August 3, 2012 is the day we closed on the boat. The process of finding and purchasing her started much earlier in the year, around March. Initially, we had only one goal, to buy another Nordhavn. So we considered every model our budget committee would approve, namely anything from an N40 to an N50. To find the right boat, we contacted Larry Geiselman at PAE in Dana Point. Larry is Nordhavn’s “oldest” broker, in that he was the first full time broker to join PAE when they built Mason sailing yachts. So he’s built and sold a few Nordhavns in his time, including many of the N50’s.
We flew to Dana Point and wore Larry out visiting different models. We boarded a 40, a 43, a 47, a 50 and, just for fun, a 55. While the 55s are beautiful boats, they are too much boat for us. If we lived aboard full time, like we did on the 46, we would have considered a 55 or, more likely, our dream Nordhavn, the 57. But, since we plan to spend at least half the year at Lake Tahoe, once Captain Ron retires from being Dr. Ron, we wanted something a little more manageable. So the search came down to a 47 or a 50. The 40 and 43 are great boats, but seemed a little small to us after the 46. We did briefly consider another 46, but having owned one, we now wanted something a little different.
The “newer” style Nordhavns, namely the 47, 52, 55, etc. are beautiful boats. Lots of headroom, state of the art galleys, etc. But we preferred the 50, for several reasons. First, the N50 is arguably the most efficient hull Nordhavn has ever built, for reasons no one quite understands. She is capable of cruising at 8-9 knots without effort, which gives her longer range at higher speeds compared to our 46. She is also able to slow down and cross an ocean. Our future cruising plans included both short jumps and really long hops, namely across the South Pacific, so the 50 gave us more flexibility.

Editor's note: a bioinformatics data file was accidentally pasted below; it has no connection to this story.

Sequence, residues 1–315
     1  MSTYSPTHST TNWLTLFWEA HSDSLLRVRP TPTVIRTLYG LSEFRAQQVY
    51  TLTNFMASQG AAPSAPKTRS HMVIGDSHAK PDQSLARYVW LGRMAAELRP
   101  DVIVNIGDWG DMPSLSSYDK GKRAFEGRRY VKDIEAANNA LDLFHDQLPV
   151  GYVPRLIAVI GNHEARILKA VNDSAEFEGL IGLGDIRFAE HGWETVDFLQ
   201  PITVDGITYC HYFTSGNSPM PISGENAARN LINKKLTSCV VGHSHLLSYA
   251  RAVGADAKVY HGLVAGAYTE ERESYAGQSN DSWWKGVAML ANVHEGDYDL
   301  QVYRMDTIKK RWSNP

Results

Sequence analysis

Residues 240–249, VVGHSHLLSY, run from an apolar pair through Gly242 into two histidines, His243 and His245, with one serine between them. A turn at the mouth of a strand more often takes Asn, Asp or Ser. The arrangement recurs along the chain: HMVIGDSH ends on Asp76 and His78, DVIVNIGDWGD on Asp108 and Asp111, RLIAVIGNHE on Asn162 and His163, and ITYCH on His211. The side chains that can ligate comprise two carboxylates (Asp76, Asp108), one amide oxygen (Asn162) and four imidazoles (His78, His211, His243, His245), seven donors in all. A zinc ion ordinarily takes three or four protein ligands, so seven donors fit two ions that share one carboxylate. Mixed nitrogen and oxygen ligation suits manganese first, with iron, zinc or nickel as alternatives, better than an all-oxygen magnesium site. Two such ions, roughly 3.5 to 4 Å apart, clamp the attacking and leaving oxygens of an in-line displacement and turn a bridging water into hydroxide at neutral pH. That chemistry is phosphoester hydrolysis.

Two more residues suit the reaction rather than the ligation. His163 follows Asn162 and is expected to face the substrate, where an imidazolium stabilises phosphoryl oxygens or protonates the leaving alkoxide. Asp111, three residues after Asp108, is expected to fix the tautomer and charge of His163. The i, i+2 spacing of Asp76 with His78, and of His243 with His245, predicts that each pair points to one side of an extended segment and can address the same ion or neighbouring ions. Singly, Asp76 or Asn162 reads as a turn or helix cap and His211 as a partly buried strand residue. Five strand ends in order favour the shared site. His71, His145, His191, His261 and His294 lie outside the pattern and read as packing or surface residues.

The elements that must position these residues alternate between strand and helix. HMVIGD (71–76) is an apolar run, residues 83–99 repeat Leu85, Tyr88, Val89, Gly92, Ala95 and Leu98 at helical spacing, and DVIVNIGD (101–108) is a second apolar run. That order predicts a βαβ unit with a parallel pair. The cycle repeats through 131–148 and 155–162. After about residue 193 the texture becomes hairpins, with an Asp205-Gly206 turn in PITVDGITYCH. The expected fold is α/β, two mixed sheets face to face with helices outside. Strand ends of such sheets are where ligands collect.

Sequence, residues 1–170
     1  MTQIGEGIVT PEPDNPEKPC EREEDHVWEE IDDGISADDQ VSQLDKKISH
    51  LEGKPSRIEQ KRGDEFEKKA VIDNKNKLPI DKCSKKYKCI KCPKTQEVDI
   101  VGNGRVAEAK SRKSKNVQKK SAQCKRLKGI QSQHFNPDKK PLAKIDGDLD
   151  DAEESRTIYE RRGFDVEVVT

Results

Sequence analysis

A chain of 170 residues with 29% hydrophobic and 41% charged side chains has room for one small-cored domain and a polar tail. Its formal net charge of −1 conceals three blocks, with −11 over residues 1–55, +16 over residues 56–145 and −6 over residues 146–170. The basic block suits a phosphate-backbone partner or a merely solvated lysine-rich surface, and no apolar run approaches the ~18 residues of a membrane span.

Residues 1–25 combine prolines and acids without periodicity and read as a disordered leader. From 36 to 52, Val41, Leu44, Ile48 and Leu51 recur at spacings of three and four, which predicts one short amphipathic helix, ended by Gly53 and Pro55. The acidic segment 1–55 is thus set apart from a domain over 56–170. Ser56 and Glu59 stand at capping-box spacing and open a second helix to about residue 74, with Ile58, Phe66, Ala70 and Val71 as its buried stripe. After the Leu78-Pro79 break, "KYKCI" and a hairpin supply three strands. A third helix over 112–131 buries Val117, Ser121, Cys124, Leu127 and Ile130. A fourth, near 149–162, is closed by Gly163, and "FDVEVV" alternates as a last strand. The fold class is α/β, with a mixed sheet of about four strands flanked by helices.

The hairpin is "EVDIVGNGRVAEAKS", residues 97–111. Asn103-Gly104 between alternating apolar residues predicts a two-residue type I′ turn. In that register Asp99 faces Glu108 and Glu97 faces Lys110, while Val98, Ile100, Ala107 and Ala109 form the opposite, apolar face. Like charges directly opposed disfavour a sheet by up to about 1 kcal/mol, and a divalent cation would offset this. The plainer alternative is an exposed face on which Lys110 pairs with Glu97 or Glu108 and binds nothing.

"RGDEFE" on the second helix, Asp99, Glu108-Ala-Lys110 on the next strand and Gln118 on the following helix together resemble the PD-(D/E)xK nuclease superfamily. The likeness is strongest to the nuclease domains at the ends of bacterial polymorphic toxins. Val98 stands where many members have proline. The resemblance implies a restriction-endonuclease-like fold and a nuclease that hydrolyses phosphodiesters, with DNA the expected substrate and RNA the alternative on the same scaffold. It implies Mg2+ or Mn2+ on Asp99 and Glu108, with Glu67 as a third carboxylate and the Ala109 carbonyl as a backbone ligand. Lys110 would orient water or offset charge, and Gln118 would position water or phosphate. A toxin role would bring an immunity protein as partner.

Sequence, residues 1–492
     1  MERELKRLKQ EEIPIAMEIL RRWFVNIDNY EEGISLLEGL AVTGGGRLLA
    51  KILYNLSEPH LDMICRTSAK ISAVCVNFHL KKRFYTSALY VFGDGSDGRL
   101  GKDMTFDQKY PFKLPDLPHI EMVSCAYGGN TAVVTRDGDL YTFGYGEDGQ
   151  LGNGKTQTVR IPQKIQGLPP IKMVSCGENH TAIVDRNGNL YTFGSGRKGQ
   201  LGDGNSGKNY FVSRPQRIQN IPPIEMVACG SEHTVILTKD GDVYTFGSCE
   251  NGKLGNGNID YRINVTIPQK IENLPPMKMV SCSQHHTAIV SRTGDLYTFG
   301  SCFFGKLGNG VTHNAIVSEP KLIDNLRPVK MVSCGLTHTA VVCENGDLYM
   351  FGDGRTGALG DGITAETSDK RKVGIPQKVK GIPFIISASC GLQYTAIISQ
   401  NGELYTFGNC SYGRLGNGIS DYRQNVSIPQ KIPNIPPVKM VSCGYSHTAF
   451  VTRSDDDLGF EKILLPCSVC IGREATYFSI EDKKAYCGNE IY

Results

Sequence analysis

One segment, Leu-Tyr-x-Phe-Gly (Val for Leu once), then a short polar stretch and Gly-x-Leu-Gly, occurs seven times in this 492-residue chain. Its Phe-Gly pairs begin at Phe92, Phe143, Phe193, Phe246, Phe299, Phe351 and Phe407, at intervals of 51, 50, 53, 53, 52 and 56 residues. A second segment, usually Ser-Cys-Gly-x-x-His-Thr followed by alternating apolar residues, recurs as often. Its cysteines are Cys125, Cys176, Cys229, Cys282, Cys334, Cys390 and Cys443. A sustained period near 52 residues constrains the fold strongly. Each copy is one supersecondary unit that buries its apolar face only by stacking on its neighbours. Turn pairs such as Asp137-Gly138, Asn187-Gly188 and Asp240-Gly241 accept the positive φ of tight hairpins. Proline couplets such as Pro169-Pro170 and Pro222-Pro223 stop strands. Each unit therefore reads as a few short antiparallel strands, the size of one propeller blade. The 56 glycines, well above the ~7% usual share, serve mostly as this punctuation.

The 50 also has most of what we wanted after selling our 46. Our “perfect” boat list included more speed, similar or greater range (the 50’s range is about equal to the 46), a stand up engine room, a helm chair, a fly bridge and fiberglass fuel tanks. While Captain Ron didn’t get a fully stand up engine room, he is a pretty compact guy, so he can almost stand all around Duet’s engine and is thrilled that he doesn’t have to crawl on the floor all the time. He also got a very large lazarette, which is a good thing, since he was out of space in the 46’s lazarette. The 50 has a helm seat, a fly bridge and fiberglass fuel and water tanks, so no worries there.
N50s have their master stateroom amidships, which is different from the 46, where our stateroom was forward. We liked the forward layout at anchor, as there is excellent ventilation. It is, however, useless in a seaway, unlike the midships stateroom, which is low down and presumably will be comfortable underway. The ventilation issue will either declare itself or not, and we will deal with it then. Right now we are cruising cold climates so the warmer the better, at least as far as Nancy is concerned.